Work by Keir Neuringer and Justin Chouinard at Squeaky Wheel
by Jack Foran
For a meditation on the idea of revolution and revolutions in a metaphorical—that is, historical—sense, Keir Neuringer has created a perpetuum mobile literal revolution sculpture of reel-to-reel tape machines in a setup that cycles tape through the machines but also from wall to wall of the installation room, meanwhile recording and overlaying and playing back ambient noise, including audience noises, in a never-ending aural palimpsest that seems simultaneously to mock and honor the revolutions idea.
The installation is currently at Squeaky Wheel, along with one in which Justin Chouinard has (incredibly) stripped the delicate membrane of image-bearing emulsion (more or less intact, though the worse for wear) from its matrix film acetate, and mounted it on glass or some such transparent new matrix, including in some cases back onto clean film acetate, which resultant handcrafted film (which for purposes of the installation has been reformulated in a video medium) is then projected onto glass screens, sometimes alongside examples of the original raw stripped emulsion.
Extremely beautiful work. The framed glass mountings for the emulsion are old window frames of the sort you find in plentiful supply for the taking on big garbage days. One of the windows features vertical strips of emulsion appearing to hang like film in process in a darkroom. Then on closer inspection, you see that the film is not film in the ordinary cinematic sense, but just the emulsion, in an apparent wash of soft but dense Kodachrome colors, as if the colors had mixed and blended all together in whatever wet technique was employed in the stripping process. (But then later you learn that the stripping process was a dry process, using just an X-Acto knife. Brain surgery work.) Whereupon, on really close inspection, you see that the colors are not a wash at all, but you discern figural imagery on the emulsions. People. Things.
The emulsions are mostly damaged (versus the emulsion on acetate of the original film) in the stripping process, but some of the emulsion frames, by dint of the artist’s skill and some luck, are pristine or practically so.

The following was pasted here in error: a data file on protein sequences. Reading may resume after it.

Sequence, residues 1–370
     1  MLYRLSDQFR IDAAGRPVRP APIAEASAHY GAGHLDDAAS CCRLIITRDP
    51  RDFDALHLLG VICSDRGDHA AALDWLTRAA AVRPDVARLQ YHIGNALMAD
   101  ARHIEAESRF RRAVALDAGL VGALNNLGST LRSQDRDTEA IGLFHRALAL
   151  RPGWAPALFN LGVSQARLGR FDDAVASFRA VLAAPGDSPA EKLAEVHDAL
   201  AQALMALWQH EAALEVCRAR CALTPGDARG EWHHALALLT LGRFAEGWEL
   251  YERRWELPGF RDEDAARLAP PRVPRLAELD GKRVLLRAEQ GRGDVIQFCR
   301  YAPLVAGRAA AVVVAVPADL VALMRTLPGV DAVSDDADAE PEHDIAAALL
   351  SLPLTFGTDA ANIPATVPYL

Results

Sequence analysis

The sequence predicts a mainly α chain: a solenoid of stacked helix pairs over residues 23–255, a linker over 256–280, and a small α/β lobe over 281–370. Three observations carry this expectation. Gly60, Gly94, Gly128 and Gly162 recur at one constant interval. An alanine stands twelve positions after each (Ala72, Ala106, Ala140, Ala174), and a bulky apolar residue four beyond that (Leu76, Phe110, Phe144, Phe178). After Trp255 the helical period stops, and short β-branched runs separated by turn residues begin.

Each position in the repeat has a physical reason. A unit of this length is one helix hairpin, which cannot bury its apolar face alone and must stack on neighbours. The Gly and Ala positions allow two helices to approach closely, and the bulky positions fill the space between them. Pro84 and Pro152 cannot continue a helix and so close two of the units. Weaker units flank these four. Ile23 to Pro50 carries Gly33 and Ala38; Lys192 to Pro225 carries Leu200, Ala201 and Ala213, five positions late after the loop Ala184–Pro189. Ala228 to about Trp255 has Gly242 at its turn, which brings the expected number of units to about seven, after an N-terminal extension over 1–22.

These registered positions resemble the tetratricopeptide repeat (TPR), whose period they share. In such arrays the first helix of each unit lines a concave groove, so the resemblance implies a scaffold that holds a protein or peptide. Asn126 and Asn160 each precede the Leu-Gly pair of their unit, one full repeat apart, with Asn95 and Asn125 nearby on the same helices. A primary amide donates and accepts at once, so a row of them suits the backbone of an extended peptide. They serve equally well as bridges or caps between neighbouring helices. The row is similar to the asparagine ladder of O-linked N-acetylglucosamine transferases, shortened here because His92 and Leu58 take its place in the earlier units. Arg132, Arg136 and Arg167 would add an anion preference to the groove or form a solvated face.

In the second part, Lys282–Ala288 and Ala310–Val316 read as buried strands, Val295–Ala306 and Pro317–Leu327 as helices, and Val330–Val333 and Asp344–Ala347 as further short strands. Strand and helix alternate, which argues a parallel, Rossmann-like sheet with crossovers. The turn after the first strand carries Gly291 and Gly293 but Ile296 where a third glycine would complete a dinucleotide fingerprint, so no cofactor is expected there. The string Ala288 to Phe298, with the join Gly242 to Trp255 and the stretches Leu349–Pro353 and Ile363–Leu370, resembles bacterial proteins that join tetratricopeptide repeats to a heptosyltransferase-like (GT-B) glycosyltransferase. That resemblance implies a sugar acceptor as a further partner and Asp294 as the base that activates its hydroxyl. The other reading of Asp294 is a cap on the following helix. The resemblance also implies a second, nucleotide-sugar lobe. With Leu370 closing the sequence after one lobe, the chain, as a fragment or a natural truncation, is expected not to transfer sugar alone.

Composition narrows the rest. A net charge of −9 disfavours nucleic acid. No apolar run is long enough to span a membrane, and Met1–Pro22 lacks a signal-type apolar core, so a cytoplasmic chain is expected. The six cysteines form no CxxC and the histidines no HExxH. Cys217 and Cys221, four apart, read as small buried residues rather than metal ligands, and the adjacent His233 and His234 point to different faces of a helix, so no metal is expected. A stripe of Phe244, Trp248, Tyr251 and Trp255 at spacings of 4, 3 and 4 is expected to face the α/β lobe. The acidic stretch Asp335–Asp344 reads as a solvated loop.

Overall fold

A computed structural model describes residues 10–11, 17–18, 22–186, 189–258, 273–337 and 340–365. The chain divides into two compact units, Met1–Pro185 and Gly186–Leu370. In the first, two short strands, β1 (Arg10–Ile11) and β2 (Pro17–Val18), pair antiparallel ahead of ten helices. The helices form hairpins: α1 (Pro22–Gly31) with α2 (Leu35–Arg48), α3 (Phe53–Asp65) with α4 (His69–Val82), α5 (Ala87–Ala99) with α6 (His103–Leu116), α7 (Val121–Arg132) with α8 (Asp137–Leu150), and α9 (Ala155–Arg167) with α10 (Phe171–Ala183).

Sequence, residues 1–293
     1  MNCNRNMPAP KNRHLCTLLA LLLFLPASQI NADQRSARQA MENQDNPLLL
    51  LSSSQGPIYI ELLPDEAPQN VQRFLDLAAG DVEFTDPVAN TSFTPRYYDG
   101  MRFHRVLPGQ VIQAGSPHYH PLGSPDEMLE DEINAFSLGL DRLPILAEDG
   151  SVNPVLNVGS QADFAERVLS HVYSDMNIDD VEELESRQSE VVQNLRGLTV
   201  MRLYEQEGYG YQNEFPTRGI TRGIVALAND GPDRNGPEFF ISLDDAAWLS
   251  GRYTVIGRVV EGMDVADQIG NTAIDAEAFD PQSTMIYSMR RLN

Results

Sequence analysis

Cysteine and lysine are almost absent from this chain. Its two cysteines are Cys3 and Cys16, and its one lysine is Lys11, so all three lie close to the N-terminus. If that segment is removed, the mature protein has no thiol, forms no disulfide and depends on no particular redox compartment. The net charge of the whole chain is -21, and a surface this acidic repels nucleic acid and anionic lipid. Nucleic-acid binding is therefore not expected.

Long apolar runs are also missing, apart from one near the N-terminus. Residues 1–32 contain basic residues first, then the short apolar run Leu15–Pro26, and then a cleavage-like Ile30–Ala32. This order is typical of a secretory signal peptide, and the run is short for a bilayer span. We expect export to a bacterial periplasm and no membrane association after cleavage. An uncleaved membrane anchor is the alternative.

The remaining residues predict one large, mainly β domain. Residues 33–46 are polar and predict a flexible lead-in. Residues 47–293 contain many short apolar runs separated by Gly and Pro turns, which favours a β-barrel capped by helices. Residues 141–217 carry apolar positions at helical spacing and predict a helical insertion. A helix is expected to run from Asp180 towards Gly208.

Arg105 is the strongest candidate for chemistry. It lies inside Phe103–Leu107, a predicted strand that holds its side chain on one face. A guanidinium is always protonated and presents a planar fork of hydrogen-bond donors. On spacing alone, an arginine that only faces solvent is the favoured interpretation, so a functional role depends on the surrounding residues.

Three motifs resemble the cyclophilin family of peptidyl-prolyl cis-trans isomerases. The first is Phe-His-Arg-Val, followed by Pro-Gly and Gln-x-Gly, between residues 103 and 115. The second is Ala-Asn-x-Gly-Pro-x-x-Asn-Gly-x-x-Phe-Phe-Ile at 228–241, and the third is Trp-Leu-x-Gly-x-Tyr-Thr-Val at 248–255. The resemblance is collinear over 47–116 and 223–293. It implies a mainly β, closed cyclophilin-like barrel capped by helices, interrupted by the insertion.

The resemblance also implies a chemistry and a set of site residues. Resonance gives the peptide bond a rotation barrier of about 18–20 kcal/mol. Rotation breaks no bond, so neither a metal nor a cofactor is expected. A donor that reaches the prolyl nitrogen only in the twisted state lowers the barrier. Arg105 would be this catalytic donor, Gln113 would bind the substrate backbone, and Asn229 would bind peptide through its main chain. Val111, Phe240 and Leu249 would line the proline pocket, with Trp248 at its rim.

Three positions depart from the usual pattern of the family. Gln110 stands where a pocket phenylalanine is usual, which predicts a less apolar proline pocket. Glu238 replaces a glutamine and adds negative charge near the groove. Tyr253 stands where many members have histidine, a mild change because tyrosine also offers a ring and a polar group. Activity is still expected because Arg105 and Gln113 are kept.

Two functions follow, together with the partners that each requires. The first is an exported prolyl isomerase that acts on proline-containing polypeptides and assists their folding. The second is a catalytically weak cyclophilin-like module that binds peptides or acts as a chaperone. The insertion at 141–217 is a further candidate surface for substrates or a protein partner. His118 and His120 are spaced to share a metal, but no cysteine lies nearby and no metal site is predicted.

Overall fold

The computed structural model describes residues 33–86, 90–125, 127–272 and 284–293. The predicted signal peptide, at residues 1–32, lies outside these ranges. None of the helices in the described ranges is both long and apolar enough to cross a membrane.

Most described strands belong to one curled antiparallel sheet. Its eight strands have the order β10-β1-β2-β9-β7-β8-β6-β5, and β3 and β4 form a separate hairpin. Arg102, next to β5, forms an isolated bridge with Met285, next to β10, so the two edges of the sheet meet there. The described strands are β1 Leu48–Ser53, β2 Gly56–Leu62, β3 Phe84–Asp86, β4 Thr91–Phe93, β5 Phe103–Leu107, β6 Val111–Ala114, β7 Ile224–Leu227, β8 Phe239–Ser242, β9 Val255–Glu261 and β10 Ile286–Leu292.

Another piece features a score or so of horizontal strips of emulsion in close-packed layers across the width of a window, in the lower portion of the window, like geological stratigraphic layers, complete with faults and fractures and unconformities, in three major stratigraphic divisions, representing three different segments of film or films from which the emulsions were stripped. Or alternatively, like some tattered tricolor flag, in mixed colors of a spring or fall walk in the woods, vivid greens and browns and reds.
The projected works (that is, of emulsion reapplied to a new acetate matrix) display flashing bright pastel greens and yellows, noonday sunlight colors, interspersed with occasional brief snatches of midnight darkness, all thoroughly abstract, understandably, following the multiple steps and stages of processing.
Back to the Keir Neuringer meditation on revolutions. An irony about revolutions is that each new one that comes along makes all the previous ones passé. And before long another new one will come and make the current revolution old.
In addition to the perpetuum mobile central feature machines and tape cycling and recycling around the installation space, the floor of the space is strewn with a few hundred torn sheets of white paper each inscribed with a name of or reference to a different generally credited or more dubious historical revolution. Among the credited ones, the standards—Industrial Revolution, Scientific Revolution—but also revolutionary artistic and cultural figures and phenomena—Igor Stravinsky, John Coltrane, Civil Disobedience, Nonviolent Resistance, Liberation Theology, Stonewall Riots, Weather Underground. Among the more dubious or debatable revolutions, Autonomy, Kleptocracy, the My Lai Massacre, Orthodoxies.
The Keir Neuringer and Justin Chouinard exhibits continue through August 20.
—jack foranblog comments powered by Disqus
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